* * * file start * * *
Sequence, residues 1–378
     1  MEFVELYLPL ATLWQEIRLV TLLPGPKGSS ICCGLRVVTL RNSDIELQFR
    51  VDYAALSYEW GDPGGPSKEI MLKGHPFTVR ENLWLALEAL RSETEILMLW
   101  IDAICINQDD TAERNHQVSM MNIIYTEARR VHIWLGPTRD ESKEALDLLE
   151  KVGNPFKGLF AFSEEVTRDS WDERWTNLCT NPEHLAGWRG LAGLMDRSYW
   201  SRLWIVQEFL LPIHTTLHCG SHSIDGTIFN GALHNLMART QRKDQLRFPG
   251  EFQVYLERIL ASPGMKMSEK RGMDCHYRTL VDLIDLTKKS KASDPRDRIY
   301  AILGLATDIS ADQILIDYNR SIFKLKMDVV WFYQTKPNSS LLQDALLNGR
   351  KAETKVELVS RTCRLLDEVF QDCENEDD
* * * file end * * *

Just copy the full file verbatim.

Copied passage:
Sequence, residues 1–378
     1  MEFVELYLPL ATLWQEIRLV TLLPGPKGSS ICCGLRVVTL RNSDIELQFR
    51  VDYAALSYEW GDPGGPSKEI MLKGHPFTVR ENLWLALEAL RSETEILMLW
   101  IDAICINQDD TAERNHQVSM MNIIYTEARR VHIWLGPTRD ESKEALDLLE
   151  KVGNPFKGLF AFSEEVTRDS WDERWTNLCT NPEHLAGWRG LAGLMDRSYW
   201  SRLWIVQEFL LPIHTTLHCG SHSIDGTIFN GALHNLMART QRKDQLRFPG
   251  EFQVYLERIL ASPGMKMSEK RGMDCHYRTL VDLIDLTKKS KASDPRDRIY
   301  AILGLATDIS ADQILIDYNR SIFKLKMDVV WFYQTKPNSS LLQDALLNGR
   351  KAETKVELVS RTCRLLDEVF QDCENEDD